The recession and high unemployment rates have been difficult for many families. Luckily programs such as the Supplemental Nutrition Assistance Program (SNAP), formerly known as food stamps, has helped struggling families put food on the table and feed their children to keep them healthy. More than 20 million children are enrolled in the SNAP program and depend on the program for at least a portion of their total daily nutrition. According to the United States Department of Agriculture (USDA) report, Household Food Security in the United States in 2010, children were food insecure at times during the year in 9.8 percent of households with children (which is 3.9 million households). Many struggling families have barely enough money for housing, food, and medical care and if it weren’t for programs such as SNAP, the School Meals Programs, Medicaid, and the Children’s Health Insurance Program, many children would have to go without adequate nutrition and health care.

In addition to combating hunger, the SNAP program improves nutrition. SNAP ensures families have the resources to afford not just enough food, but more nutritious food and provides nutrition education about how to shop for and prepare healthy meals on a limited budget.

The SNAP program provides eligible families with monthly benefits through an electronic benefits transfer. SNAP eligibility is limited to households with gross income of no more than 130% of the federal poverty guideline, but according to the USDA, the majority of SNAP households have income well below the maximum: 85% of SNAP households have gross income at or below 100% of the poverty guideline ($22,350 for a family of four), and 62% of SNAP households have gross income at or below 75% of the poverty guideline ($16,762 for a family of four). The current amount of monthly benefits is actually an increase from the normal SNAP benefit, thanks to the American Recovery and Reinvestment Act (ARRA), also known as “the Stimulus.” If Congress doesn’t act, the current ARRA increase will end in November of 2013; this means that a family of four will see a decrease of around $80 in their monthly benefits.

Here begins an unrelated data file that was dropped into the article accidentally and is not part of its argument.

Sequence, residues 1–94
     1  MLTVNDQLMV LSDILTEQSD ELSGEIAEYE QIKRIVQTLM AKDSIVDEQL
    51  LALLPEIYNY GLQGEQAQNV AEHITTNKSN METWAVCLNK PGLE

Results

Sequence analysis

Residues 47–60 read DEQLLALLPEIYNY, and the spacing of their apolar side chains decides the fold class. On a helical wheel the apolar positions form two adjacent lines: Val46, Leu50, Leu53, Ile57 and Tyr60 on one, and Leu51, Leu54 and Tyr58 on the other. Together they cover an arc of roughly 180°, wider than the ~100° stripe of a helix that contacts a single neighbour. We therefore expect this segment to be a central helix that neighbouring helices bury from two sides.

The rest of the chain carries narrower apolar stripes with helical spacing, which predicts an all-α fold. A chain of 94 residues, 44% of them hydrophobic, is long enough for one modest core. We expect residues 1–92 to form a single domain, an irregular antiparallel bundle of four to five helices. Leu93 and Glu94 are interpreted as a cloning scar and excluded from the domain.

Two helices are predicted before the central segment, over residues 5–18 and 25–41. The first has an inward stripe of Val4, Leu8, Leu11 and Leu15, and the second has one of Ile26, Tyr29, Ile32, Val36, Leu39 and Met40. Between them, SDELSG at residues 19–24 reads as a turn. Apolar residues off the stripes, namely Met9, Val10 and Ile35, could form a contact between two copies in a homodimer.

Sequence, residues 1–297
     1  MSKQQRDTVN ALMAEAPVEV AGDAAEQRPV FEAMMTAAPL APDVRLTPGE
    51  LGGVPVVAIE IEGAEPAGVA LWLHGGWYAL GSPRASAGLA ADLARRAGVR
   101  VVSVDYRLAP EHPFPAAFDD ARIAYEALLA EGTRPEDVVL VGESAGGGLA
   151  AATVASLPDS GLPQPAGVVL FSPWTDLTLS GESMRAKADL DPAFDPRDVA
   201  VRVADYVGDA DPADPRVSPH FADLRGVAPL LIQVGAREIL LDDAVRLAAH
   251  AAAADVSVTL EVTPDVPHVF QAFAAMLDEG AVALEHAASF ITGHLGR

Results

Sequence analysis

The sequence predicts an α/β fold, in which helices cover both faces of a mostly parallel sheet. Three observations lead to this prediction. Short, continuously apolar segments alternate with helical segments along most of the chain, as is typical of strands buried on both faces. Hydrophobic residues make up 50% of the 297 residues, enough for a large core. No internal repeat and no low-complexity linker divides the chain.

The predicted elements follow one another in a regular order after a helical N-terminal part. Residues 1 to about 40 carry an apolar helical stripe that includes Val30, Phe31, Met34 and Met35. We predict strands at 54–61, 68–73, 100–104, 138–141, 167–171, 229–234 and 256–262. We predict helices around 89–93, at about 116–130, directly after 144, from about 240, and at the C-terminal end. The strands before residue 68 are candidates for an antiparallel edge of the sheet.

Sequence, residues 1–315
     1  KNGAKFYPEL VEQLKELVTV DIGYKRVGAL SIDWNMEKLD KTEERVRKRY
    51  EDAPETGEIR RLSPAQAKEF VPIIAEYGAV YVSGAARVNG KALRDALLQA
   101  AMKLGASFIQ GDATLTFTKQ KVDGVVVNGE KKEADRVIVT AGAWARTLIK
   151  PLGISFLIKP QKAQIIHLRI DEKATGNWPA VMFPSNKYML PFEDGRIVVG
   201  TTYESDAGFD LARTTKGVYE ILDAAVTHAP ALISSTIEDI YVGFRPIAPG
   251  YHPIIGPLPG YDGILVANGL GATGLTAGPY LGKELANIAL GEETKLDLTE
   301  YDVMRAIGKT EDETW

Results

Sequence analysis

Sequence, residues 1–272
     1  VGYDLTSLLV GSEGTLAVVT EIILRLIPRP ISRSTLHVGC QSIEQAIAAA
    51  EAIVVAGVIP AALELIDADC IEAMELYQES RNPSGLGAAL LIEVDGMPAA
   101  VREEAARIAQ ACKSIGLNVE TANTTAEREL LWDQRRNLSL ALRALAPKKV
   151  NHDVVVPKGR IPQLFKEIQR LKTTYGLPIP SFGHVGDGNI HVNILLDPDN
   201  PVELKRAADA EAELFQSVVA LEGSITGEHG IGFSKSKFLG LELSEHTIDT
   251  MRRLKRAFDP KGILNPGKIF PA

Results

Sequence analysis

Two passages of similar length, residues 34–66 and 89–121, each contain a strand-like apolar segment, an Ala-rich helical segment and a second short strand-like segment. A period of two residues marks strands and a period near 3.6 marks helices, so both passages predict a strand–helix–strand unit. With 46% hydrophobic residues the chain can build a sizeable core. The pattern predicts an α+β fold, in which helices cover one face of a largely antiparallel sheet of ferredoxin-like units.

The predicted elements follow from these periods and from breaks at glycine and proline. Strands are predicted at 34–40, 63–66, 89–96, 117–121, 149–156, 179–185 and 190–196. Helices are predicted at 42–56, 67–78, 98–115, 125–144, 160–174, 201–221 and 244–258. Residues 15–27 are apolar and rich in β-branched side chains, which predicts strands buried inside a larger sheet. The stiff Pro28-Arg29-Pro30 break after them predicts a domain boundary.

Not only is providing nutrition assistance the right thing to do to help struggling families and children that are food insecure, but SNAP makes good economic sense as well. According to the USDA, for every dollar put into the SNAP program, $1.79 is returned to the community. This is good for business and good for jobs in towns and cities across America.

Starting today, through November 6th, my colleagues at First Focus will be joining the Fighting Poverty with Faith initiative by taking the “Food Stamp Challenge” where participants live for 1 week on the average food stamp allotment of $31.50 (approximately $1.50 per meal). My colleagues will blog about their experiences on First Focus’s website throughout the week, and include policy recommendations on how we can learn more about SNAP and battle food insecurity in America.

If you’d like to join the Food Stamp Challenge please click here.